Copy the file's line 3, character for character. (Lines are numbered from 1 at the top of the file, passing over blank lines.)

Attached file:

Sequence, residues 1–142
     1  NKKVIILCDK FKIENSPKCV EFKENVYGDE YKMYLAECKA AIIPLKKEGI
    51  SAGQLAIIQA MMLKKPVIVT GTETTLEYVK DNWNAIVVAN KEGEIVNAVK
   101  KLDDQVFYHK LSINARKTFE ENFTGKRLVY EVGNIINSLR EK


    51  SAGQLAIIQA MMLKKPVIVT GTETTLEYVK DNWNAIVVAN KEGEIVNAVK